Building a Base
Monsteroides catenifolium, the Chain Vine, is a very patient plant. On germination, it forms a rosette of leaves and remains as a rosette until it senses a climbable structure or plant nearby (see picture at right). Often, the appearance of such a suitable support may take one or many seasons of growth. The Chain Vine continues to grow patiently in rosette form as plants around it increase in height and maturity. As soon as one of them reaches a size that would support the mature vining stage, the Chain Vine changes its growth habit and leaf structure abruptly and begins climbing.
The Chain Ascends
Once climbing starts, the growth rate of this plant accelerates markedly. The Chain Vine must reach flowering maturity in the same year as it begins climbing because the winds of the annual storm season will rip the vine off its support and destroy it. Should the vining plant fail to reproduce within that time frame, the process will have to begin again with another seedling somewhere else next season. M. catenifolium has no axillary buds, so the destruction of the apical meristem of this vine is, essentially, the destruction of the entire plant. So as patient as the plant was before, it becomes equally impatient to reach maturity once it begins vining!
In the picture at left, you can see the complete transformation of the leaf structure from rosette leaves to vining leaves. The chain-like segmented leaves are what gives this plant its name; they can be described as catenately divided.
On Earth, many plants show changes in leaf morphology from juvenile to mature stages. Monstera deliciosa is one vining aroid that shows this behavior. The young leaves are entire, looking like those on a common cordate Philodendron. On reaching a more mature stage, however, the leaves develop numerous splits and holes that give this vine its common name, "Swiss Cheese Plant".
M. catenifolium can be understood as one of the few plants on Aroidia that is a "biennial" in the sense that it cannot survive from one season to the next unless it is in the rosette form. However, this is not always accurate because the plant can remain in rosette form for several years before a suitable support for the climbing stage grows large enough nearby. In fact, an old enough specimen in the rosette form could be mistaken easily for a species of Macroalocasia.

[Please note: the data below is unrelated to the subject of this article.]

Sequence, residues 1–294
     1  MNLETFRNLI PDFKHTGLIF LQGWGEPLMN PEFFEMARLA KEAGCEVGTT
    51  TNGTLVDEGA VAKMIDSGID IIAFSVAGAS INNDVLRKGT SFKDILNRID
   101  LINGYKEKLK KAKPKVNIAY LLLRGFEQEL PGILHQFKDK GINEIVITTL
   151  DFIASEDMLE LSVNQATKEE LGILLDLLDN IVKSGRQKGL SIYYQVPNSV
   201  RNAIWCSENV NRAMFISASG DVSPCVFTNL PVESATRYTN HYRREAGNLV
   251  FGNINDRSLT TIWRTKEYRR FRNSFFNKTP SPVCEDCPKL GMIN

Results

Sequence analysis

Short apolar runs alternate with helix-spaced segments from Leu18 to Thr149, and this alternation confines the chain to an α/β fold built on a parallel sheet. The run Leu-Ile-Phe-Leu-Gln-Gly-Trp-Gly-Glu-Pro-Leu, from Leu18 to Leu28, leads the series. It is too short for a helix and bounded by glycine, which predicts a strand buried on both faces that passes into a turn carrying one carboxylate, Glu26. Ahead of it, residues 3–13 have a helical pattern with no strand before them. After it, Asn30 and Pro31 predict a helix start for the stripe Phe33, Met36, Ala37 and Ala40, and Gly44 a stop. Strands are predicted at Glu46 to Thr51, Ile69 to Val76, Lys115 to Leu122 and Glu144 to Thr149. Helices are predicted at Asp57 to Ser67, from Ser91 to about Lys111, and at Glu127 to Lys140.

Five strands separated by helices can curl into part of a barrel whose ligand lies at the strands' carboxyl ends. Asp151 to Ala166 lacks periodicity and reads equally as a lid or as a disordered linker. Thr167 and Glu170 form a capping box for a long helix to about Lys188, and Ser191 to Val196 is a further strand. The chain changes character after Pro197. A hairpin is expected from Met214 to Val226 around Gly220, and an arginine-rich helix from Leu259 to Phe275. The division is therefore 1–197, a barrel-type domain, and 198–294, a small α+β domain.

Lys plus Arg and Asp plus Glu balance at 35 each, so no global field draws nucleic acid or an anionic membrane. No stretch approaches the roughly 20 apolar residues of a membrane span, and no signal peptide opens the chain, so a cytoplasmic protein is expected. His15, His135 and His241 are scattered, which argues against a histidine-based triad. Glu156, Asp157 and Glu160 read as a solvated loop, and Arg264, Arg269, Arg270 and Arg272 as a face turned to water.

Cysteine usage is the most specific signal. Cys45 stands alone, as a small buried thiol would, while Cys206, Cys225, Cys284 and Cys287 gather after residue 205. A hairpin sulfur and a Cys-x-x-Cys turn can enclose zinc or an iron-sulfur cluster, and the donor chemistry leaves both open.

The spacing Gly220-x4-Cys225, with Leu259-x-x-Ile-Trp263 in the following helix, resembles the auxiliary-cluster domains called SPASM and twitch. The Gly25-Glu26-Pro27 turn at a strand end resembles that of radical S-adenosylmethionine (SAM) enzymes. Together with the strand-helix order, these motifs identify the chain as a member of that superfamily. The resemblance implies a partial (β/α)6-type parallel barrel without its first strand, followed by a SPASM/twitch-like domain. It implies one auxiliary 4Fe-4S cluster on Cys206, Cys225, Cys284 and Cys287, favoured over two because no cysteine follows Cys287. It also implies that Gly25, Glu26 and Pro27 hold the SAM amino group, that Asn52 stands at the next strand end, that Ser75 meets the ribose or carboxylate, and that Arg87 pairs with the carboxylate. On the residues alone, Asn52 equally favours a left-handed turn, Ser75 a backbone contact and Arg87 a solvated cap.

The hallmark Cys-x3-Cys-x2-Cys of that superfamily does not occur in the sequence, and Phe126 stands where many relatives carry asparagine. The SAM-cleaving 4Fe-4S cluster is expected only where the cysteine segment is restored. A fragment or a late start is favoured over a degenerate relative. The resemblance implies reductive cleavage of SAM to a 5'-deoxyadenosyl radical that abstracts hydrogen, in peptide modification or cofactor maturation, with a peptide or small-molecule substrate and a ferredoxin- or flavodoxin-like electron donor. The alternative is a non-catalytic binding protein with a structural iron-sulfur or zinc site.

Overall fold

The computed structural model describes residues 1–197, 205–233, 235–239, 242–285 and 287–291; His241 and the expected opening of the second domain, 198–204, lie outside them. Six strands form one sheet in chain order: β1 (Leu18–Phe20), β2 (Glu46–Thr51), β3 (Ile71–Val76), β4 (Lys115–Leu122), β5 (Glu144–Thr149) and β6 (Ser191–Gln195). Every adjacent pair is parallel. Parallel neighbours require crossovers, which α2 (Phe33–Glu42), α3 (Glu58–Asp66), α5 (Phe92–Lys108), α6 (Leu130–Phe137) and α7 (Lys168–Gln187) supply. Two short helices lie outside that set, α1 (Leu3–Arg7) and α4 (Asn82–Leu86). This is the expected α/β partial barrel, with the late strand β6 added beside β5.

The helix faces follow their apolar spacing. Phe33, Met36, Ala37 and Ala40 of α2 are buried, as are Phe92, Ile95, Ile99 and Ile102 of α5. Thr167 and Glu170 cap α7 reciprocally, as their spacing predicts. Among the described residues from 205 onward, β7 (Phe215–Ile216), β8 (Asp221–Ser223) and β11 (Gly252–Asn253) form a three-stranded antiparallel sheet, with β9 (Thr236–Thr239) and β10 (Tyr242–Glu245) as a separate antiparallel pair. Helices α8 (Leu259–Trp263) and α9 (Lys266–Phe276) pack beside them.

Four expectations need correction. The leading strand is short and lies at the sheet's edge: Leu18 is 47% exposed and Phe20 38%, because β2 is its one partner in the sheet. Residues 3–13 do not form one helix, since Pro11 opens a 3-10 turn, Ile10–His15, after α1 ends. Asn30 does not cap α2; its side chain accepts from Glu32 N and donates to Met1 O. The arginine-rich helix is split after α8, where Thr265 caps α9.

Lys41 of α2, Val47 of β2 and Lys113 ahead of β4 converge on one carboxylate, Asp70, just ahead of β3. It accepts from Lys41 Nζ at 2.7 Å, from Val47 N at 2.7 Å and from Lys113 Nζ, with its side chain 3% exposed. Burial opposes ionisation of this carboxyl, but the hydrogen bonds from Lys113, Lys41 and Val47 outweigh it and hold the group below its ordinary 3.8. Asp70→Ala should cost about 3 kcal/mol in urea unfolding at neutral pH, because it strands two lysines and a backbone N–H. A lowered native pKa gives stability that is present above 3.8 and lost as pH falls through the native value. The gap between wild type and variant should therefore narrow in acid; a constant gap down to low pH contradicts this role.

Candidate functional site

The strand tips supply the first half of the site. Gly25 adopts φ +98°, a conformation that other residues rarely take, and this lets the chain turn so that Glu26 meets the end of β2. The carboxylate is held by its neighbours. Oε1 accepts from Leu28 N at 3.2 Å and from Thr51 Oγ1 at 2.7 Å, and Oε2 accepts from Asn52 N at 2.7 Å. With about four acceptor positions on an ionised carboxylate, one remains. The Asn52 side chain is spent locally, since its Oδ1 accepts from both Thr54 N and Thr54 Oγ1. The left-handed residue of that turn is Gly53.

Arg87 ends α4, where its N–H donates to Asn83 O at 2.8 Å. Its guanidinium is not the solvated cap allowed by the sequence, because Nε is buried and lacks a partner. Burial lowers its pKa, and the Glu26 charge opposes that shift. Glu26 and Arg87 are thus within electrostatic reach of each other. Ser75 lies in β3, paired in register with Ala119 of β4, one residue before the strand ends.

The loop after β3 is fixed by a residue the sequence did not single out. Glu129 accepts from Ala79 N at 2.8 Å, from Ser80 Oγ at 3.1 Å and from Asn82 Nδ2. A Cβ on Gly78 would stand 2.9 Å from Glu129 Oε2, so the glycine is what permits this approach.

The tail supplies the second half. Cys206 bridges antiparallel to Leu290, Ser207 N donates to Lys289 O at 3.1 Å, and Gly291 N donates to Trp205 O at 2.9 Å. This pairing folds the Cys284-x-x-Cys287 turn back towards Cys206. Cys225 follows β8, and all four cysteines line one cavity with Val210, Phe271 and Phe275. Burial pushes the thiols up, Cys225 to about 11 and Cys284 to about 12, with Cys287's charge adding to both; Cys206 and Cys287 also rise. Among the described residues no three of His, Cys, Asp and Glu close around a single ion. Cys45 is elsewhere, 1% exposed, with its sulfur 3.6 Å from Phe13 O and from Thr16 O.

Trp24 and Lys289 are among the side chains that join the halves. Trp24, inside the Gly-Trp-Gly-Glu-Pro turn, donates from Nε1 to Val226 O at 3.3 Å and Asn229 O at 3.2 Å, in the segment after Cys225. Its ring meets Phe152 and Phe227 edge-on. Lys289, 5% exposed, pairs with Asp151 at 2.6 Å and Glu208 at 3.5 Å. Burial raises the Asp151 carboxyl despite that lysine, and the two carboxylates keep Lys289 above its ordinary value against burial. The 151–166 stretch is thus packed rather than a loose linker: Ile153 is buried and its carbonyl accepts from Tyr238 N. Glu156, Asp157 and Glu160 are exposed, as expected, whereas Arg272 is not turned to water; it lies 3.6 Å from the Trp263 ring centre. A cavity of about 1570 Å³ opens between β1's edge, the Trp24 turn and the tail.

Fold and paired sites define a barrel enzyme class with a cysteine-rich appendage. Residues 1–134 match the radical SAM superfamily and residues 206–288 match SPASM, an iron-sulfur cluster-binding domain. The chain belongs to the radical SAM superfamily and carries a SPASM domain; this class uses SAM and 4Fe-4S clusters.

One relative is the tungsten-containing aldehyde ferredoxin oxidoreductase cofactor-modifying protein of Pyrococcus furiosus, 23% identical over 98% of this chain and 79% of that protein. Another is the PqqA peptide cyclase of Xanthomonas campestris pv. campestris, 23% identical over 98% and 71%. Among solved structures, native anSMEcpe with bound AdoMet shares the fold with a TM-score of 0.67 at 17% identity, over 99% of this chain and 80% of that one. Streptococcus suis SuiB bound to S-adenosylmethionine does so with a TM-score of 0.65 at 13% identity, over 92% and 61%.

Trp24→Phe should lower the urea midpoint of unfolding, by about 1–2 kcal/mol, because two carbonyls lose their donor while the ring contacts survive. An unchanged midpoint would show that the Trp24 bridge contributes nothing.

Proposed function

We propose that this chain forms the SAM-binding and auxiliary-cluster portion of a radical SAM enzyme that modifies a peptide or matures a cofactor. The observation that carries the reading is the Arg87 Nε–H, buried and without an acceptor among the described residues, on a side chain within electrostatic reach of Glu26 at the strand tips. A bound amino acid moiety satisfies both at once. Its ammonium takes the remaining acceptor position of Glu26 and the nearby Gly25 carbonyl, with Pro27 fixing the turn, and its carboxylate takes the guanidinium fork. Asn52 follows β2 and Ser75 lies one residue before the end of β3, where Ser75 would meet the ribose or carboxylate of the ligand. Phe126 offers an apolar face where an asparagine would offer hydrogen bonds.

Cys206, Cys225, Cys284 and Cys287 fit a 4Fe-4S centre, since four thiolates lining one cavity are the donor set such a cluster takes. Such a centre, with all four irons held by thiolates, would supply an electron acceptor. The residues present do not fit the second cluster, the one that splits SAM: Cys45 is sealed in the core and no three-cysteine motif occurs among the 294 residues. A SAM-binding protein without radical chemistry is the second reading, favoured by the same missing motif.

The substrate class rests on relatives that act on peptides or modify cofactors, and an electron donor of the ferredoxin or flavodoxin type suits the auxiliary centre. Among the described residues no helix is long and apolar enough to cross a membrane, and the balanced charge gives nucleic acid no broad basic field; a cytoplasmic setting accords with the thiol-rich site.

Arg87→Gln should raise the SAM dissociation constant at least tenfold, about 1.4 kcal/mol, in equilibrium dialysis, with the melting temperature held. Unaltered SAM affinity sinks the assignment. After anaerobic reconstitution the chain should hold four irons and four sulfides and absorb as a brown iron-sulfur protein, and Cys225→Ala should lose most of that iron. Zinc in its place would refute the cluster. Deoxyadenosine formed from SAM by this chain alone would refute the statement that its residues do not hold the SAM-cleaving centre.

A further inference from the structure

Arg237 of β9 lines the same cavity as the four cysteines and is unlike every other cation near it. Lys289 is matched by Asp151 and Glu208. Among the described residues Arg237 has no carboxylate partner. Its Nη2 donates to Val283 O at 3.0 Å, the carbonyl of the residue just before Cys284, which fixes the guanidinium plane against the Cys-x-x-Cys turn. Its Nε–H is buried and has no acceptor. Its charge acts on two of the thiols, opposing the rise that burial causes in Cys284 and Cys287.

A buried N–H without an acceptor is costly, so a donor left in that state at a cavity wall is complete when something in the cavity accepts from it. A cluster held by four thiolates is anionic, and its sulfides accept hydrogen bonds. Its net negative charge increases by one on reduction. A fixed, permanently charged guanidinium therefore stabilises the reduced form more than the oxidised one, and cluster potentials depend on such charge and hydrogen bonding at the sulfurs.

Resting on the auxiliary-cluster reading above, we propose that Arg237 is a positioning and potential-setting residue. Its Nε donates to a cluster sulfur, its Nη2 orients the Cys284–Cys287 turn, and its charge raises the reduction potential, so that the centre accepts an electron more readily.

Success at last!
At right can be seen a mature inflorescence of M. catenifolium. The spadix remains partially enclosed by the spathe, leaving some openings for access by the pollenoids.
Inflorescences are borne terminally and usually in groups of one to three, each maturing in succession. The ripening of the infructescences occurs just before the onset of the storm season, affording the semmules an excellent opportunity for wide dispersal.
Butterflies in the Tree
The Chain Vine grows in the same habitat as another Aroidian plant with very unusual leaves. This next wonder is closely allied with the titanic Pinnatidendron that is so ubiquitous on the biological archipelagos. Pinnatidendron lepidopterophyllum, or the "Butterfly Palm", is not nearly as common on Aroidia, but it is unmistakable when it is found.
Unlike its much larger cousin, P. lepidopterophyllum has only two leaflets per leaf. Each pair is attached to the end of a wire-thin flexible petiole that can be up to 5 feet long on mature specimens. The plant produces a head of 30 or more of these leaves, all with different petiole lengths that vary with their maturity. But the most striking characteristic these leaflets have is that they flutter gently during the daytime, like a group of emerald butterflies! This movement is not driven by wind, but by pulvinoids at the base of each leaflet.
On Earth, rapid movement of leaflets is not unheard of. One well-known plant that shows this is Mimosa pudica, which is also known as the Sensitive Plant or Touch-Me-Not. This is because, when touched, the leaflets close rapidly, due to the action of a pulvinus at the base of each leaflet and at the joints of each leaf.
On Aroidia, the leaflet movement on P. lepidopterophyllum is nearly continuous because it occurs not from touch, but as a result of temperature differences between the upper and lower surfaces of the leaflets. When the upper surface is warmer than the lower surface, the pulvinoids activate and the leaflets close. As the concealed and shaded upper surfaces cool, the leaflets open again.
The activity of these leaflets is not the only attraction this plant has to offer. When in bloom, the inflorescences cannot be missed because they appear as bright crimson melons nestled amongst the bases of the long petioles. The inflorescence is about the size and shape of a small honeydew melon, with the spathe an intense crimson color and the spadix a dark maroon-red. The spathes open just enough to allow pollenoids an entry; thus adding to the melon-like appearance.
P. lepidopterophyllum is found growing right at the water's edge, where the ripe berries can fall and be carried away by currents to other suitable habitats.
Even more bizarre and beautiful discoveries awaited me as I continued my visionary exploration of Aroidia . . .
Picture credit: LariAnn Garner, Aroidia Research
(Continued in Part VIII: Bananas and Aroids)